As the sun slowly set behind the silhouette of the nearby Wasatch Mountains, it dragged with it fiery orange and bright pink streaks that melted into the light blue sky and grew more intense as nature’s colorful light show dwindled to an end and darkness settled in. It was one of those unforgettable travel moments. The kind that you file away in your memory until a similar mind-blowing experience makes you reach back in, brush the dust off, and remember that time that you watched one of the most epic sunsets you’ve ever seen from the banks of a lake in northern Utah.
Unlike the epic sunset, the 9-hour drive to Bear Lake was mostly forgettable. Table top-shaped red rocks jetted out of the dry landscape that rolled alongside the miles and miles of highway that flat-line through the state of Wyoming—eventually connecting with one windy road that spits vehicles out of the rolling hills of northeastern Utah towards the vast waters of Bear Lake. One hundred and nine square miles in size, the sparkling turquoise waters of the lake stretch across the Utah and Idaho border and attract tourists in the region to the area with its beauty, beaches, and adorable lakeside towns whose lights drape across the lake at night.
It was beautiful sight, at first. Enamored by the brilliant color of the water and the string of picturesque lighthouses, I stopped my car at the first parking area that I could find, and ventured out over the rocks and sand that led to the warm lake waters. But as I continued north along the busy road that day that hugged parts of the shoreline, my heart started to sink. Here I was, in the middle of a solo road trip in my trusty Toyota 4Runner that I had proudly converted into my home-away-from-home for the week, and I had somehow found myself in the middle of the Jersey Shore of the west. As far as the eye could see, bathing suit-clad tourists lined up like sardines along the accessible stretches of lakeside beaches. They moved briskly along the sidewalks of the various lakeside towns—the largest boasting a population of a whopping 560-some people. As I drove north along the western side of the lake, my hopes and dreams of enjoying a can of campfire beans and finding a spot near the lake to crash for the night started to fade. It wasn’t until I crossed the Idaho border and stopped at a pretty appropriately named convenience store that my faith was restored. The older gentleman behind the counter at the store sent me off with a few needed provisions for the night, a 6-pack of Montana-made beer, and a map leading me to the east side of lake, where I pulled my car into the Cisco Beach campground, paid my $12/night camping fee, and backed my SUV into a campsite with a path leading down to the lake. I was thrilled. It was exactly what I was looking for. Even the the shrieks of nearby boaters on the lake couldn’t dampen my spirits.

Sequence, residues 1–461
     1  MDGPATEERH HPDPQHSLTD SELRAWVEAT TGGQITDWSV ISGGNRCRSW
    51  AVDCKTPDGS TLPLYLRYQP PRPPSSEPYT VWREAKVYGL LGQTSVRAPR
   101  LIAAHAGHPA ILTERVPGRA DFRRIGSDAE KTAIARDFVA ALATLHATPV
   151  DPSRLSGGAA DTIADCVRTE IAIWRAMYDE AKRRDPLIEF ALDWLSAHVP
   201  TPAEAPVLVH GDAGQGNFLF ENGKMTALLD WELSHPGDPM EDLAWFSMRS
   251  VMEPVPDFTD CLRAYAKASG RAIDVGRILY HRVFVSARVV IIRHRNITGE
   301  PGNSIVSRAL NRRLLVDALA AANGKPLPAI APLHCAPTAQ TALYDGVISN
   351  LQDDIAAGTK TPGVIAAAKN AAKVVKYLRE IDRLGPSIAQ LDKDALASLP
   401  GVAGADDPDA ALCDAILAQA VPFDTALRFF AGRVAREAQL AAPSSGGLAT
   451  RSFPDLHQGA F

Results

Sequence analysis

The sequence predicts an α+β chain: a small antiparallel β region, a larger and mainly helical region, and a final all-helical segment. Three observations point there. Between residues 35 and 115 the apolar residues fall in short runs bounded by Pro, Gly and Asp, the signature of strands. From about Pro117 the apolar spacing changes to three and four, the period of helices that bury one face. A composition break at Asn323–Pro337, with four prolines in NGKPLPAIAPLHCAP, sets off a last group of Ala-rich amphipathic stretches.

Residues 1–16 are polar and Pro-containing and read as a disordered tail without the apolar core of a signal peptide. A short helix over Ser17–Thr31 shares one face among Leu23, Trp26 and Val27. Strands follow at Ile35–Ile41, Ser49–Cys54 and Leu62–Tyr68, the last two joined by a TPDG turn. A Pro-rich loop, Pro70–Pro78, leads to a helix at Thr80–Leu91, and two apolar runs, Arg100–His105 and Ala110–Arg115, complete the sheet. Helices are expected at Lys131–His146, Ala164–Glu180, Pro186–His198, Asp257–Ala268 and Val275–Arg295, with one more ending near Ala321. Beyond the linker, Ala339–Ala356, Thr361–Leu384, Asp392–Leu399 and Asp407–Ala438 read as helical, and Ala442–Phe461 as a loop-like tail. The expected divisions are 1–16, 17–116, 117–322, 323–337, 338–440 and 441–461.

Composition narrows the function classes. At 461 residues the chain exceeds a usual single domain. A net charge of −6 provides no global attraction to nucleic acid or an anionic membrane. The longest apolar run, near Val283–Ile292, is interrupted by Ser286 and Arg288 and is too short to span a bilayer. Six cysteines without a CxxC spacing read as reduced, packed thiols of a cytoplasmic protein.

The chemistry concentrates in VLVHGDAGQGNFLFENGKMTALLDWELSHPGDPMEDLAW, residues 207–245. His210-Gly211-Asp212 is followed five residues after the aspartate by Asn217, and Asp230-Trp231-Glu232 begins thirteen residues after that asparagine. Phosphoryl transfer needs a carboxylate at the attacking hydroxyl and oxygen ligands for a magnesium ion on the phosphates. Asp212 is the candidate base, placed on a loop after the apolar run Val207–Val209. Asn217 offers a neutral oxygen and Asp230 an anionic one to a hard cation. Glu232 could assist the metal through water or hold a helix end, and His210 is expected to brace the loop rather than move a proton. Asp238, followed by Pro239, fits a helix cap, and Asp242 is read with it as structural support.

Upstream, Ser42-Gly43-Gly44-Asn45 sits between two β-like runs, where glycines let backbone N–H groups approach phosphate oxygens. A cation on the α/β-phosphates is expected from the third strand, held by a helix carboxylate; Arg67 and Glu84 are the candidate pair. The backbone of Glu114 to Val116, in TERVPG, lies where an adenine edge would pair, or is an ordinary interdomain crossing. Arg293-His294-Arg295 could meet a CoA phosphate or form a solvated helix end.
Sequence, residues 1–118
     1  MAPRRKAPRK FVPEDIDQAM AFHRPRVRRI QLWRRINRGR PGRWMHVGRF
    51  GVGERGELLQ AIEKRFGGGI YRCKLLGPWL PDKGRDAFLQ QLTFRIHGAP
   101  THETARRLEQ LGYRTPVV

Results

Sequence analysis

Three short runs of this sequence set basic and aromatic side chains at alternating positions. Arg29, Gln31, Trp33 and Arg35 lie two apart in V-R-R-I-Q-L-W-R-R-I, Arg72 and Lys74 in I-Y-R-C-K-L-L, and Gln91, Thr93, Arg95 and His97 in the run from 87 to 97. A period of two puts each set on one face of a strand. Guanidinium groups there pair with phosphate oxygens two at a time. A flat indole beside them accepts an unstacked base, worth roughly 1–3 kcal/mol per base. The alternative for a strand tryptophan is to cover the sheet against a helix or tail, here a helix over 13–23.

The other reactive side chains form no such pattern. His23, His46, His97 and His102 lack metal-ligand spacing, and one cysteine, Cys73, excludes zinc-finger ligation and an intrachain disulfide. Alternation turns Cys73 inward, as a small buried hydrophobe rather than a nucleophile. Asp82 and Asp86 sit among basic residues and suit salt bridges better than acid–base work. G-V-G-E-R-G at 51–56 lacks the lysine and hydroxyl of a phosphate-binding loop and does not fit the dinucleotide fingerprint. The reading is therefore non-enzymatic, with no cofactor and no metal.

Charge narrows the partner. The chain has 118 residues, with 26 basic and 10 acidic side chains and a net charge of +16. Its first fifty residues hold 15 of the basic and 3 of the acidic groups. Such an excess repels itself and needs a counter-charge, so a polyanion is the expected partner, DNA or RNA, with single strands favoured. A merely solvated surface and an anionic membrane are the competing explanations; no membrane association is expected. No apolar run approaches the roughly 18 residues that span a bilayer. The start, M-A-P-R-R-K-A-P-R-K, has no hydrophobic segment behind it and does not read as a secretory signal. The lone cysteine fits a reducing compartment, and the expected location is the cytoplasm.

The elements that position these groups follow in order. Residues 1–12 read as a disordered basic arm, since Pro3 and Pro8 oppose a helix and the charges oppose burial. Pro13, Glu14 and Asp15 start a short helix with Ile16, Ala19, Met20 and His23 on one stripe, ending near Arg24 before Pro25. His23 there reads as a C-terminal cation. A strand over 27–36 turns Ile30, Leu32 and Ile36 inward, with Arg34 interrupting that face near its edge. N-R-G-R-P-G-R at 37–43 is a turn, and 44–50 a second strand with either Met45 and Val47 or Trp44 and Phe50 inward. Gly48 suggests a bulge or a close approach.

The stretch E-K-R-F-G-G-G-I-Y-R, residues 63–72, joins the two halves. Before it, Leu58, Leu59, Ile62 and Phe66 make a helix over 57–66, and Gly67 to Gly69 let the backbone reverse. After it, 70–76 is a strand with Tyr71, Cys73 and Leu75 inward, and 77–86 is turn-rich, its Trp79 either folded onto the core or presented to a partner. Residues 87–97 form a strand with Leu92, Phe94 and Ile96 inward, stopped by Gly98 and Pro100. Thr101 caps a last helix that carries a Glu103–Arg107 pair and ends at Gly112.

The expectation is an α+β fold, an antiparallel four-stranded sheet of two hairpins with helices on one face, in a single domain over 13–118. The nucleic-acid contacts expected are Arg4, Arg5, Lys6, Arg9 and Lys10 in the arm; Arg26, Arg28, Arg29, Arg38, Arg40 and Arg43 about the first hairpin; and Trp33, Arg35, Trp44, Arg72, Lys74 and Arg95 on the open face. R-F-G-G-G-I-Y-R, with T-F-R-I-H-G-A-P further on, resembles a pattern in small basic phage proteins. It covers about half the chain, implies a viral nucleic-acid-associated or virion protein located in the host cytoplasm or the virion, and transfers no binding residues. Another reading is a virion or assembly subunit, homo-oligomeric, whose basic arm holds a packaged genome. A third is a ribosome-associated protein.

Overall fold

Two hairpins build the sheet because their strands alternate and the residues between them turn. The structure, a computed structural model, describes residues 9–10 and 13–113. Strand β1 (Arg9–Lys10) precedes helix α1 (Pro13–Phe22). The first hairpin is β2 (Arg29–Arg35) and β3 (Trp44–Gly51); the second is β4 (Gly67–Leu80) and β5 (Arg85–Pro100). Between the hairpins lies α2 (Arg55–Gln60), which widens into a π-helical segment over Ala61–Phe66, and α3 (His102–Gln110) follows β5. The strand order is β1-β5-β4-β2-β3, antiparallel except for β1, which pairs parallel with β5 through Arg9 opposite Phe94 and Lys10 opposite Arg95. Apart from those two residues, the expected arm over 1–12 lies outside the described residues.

The first dip of the sun was like a visual dinner bell, prompting everyone out and about on the lake to get dressed, collect the hoards of things they had brought to enjoy the beach, and head to the one of the numerous ice cream or burger joints around the lake where they waited in long lines for a taste of summer. All around me, abandoned tents flapped in the breeze. It was quiet. And calm. And I watched the night move in from a cozy rock along an empty beach a stone’s throw from my campsite. Beams of sunlight lit up the gem-colored waters moving the reflection of the bright sky along with each ripple. The finale played out in silence, only to be followed by the ignition of dozens of campfires lining the shores of the beach. For a moment, surrounded by sky and water and mountains, I wasn’t in a touristy town. I was heaven.
Favorite Playlist: Interstate Stash Express
This Colorado-based power trios puts forth the perfect blend of rock and obliterating guitar riffs that create the ultimate soundtrack for a long day on some of the regions loneliest roads.
Favorite Piece of Gear: Secur Bluetooth Lantern & Powerbank
I picked up this Bluetooth speaker, collapsable LED lantern and LED flashlight combination shortly before my trip, and I’m glad I did. In it’s folded state this product fits in the palm of your hand, making it incredibly convenient to bring on long backpacking trips, or to provide some tunes and light on a weekend camping trip. The lantern and flashlight capabilities were powerful and long-lasting (over a week without recharging in total). And the Bluetooth speaker streamed my favorite playlist with a great volume range and working distance of about 30 feet. At $59.99, this nifty gadget will quickly make it’s way into your adventures.
Favorite Campsite Brew: Big Sky Brewing Moose Drool
After nine hours of driving, a cold brew becomes a necessity and a accompaniment while setting up camp. A sixer of Big Sky Brewing’s Moose Drool Brown Ale really hit spot. Four different malts and four hop additions give this beer a lot of flavor while still retaining a light body and only 5.1% ABV.
Favorite Lodging: Cisco Beach Campground
Tucked into the relatively quite east side of the lake, Cisco Beach is located in Bear Lake State Park and offers a slew of camping spaces that run along the lakeside. If you go, plan on arriving early on in the day to secure a campsite with a path that leads down to the lake. Nightly campsite rental fees are $12.